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British Prankster Smuggles Art Into Top NY Museums
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About an hour or so ago (Thu Mar 24, 2005 2:25 PM ET), Banksy gave an interview to the American wire service, Reuters. In the interview he sheds a few more details on the how he pulled it off.

From the article:

Speaking by telephone from an undisclosed location in Britain, Banksy said he conducted all four operations on March 13, helped by accomplices who filmed him and provided distractions where necessary. "They staged a gay tiff (lovers' quarrel), shouting very loudly and obnoxiously," said the artist.
... ""My sister inspired me to do it. She was throwing away loads of my pictures one day and I asked her why. She said 'It's not like they're going to be hanging in the Louvre."' He took that as a challenge. "I thought why wait until I'm dead," he said. "


Here's the entire article, hot off the press as they say:


British Prankster Smuggles Art Into Top NY Museums
Thu Mar 24, 2005 2:25 PM ET

NEW YORK (Reuters) - Many a visitor to New York's Museum of Modern Art has probably thought, "I could do that."

A British graffiti artist who goes by the name "Banksy" went one step further, by smuggling in his own picture of a soup can and hanging it on a wall, where it stayed for more than three days earlier this month before anybody noticed.

The prank was part of a coordinated plan to infiltrate four of New York's top museums on a single day.

The largest piece, which he smuggled into the Brooklyn Museum, was a 2 foot by 1.5 foot (61cm by 46 cm) oil painting of a colonial-era admiral, to which the artist had added a can of spray paint in his hand and anti-war graffiti in the background.

The other two targets were the Metropolitan Museum of Art and the American Museum of Natural History, where he hung a glass-encased beetle with fighter jet wings and missiles attached to its body -- another comment on war, Banksy told Reuters on Thursday.

"It was just an outsider's view of the modern American bug, bristling with listening devices and military hardware," he said.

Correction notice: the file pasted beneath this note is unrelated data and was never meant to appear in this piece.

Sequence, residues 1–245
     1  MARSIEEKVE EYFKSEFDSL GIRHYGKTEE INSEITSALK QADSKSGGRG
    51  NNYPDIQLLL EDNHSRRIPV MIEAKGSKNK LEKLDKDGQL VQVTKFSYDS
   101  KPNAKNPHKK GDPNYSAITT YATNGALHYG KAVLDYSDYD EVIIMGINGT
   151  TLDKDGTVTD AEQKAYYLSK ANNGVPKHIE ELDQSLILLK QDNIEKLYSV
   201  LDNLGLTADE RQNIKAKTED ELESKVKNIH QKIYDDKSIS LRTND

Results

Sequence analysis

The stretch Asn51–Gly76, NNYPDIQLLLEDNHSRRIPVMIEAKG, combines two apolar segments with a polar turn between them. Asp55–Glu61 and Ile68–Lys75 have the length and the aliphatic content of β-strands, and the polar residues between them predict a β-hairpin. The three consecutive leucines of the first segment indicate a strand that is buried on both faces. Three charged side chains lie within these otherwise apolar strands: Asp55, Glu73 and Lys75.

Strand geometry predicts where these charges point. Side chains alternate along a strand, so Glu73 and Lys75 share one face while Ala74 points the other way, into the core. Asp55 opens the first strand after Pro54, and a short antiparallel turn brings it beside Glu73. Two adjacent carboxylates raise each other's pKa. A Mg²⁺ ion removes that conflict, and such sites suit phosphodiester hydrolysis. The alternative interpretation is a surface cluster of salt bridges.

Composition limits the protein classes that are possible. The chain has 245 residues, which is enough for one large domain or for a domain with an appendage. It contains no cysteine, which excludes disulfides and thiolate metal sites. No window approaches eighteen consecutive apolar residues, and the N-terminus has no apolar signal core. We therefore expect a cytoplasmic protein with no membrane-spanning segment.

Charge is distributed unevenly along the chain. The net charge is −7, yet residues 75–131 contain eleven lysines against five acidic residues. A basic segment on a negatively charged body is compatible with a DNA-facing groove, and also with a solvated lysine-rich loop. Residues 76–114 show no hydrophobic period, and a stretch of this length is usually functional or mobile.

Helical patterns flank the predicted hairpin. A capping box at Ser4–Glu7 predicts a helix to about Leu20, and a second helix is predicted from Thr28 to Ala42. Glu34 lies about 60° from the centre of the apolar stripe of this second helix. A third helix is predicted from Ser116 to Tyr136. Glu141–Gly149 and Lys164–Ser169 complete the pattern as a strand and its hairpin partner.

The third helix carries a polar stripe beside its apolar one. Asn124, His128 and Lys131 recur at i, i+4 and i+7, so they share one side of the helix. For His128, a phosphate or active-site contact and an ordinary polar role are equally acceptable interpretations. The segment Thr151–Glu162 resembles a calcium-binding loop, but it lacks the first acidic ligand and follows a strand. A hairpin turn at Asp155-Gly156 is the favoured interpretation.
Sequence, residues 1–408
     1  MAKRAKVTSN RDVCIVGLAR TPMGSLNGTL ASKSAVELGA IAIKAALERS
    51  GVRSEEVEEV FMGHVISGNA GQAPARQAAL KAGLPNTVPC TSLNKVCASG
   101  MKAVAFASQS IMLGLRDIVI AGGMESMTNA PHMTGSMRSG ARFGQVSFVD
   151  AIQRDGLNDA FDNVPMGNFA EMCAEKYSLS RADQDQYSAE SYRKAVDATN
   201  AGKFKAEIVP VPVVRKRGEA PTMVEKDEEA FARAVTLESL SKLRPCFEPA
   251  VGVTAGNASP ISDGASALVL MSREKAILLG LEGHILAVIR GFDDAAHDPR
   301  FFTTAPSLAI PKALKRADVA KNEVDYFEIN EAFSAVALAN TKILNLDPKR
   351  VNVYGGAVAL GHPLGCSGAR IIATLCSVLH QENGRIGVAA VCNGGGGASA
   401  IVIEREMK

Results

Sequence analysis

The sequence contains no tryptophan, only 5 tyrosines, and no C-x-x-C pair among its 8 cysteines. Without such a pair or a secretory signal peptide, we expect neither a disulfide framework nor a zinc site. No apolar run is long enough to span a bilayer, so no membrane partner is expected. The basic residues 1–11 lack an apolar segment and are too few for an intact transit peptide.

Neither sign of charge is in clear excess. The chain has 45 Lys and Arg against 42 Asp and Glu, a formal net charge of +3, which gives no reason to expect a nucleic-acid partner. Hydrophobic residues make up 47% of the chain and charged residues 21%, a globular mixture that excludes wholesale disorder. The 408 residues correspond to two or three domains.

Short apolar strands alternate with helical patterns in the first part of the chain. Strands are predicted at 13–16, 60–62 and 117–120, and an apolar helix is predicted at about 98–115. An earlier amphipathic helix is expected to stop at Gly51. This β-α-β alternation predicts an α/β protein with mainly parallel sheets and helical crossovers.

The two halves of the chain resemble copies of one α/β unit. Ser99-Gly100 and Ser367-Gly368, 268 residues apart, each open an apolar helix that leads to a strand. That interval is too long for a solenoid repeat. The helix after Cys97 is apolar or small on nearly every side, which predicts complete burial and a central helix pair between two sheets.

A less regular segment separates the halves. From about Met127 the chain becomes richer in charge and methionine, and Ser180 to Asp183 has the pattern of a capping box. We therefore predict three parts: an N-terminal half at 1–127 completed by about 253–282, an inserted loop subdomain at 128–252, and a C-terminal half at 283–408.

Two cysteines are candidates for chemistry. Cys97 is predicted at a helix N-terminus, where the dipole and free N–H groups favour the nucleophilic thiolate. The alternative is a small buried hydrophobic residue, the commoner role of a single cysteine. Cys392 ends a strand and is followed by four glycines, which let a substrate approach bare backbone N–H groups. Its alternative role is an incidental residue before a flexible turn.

An art Web site called www.woostercollective.com has posted pictures of the artist -- wearing an Inspector Clouseau-style overcoat, a hat and a fake beard and nose -- hanging up his work at the four museums and describing how he did it.

Speaking by telephone from an undisclosed location in Britain, Banksy said he conducted all four operations on March 13, helped by accomplices who filmed him and provided distractions where necessary.

"They staged a gay tiff (lovers' quarrel), shouting very loudly and obnoxiously," said the artist, declining to give his real name or any personal details beyond his occupation as a professional painter and decorator.

It is not the first time he has staged such stunts. Last year he smuggled work into the Louvre in Paris and London's Tate, attracting attention in the British media.

"My sister inspired me to do it. She was throwing away loads of my pictures one day and I asked her why. She said 'It's not like they're going to be hanging in the Louvre."'

He took that as a challenge. "I thought why wait until I'm dead," he said.

His preferred creative outlet, graffiti on trains, was growing more difficult due to greater security so he decided to branch out into infiltrating museums. "I tend to gravitate to places with less sophisticated security systems," he said.

Officials at the Natural History Museum declined to comment on security. Museum of Modern Art officials said only that the offending picture was taken down on March 17.

It was unclear what gave the game away but Banksy's version of Andy Warhol's iconic images of Campbell's Soup Cans showed a can of Tesco value tomato soup, a discounted brand sold by a British supermarket chain.

"Obviously they've got their eye a lot more on things leaving than things going in which works in my favor," Banksy said. "I imagine they'll be doing stricter bag checks now."

He said the painting in the Metropolitan Museum, a small portrait of a woman wearing a gas mask, had been discovered after one day, while the others stayed up for several days. The paintings were fixed to the wall with extra-strong glue.

Asked how he managed to escape notice while putting them up on a busy Sunday at the museums, he said: "They do get pretty full, but not if you put the pictures in the boring bits."

 

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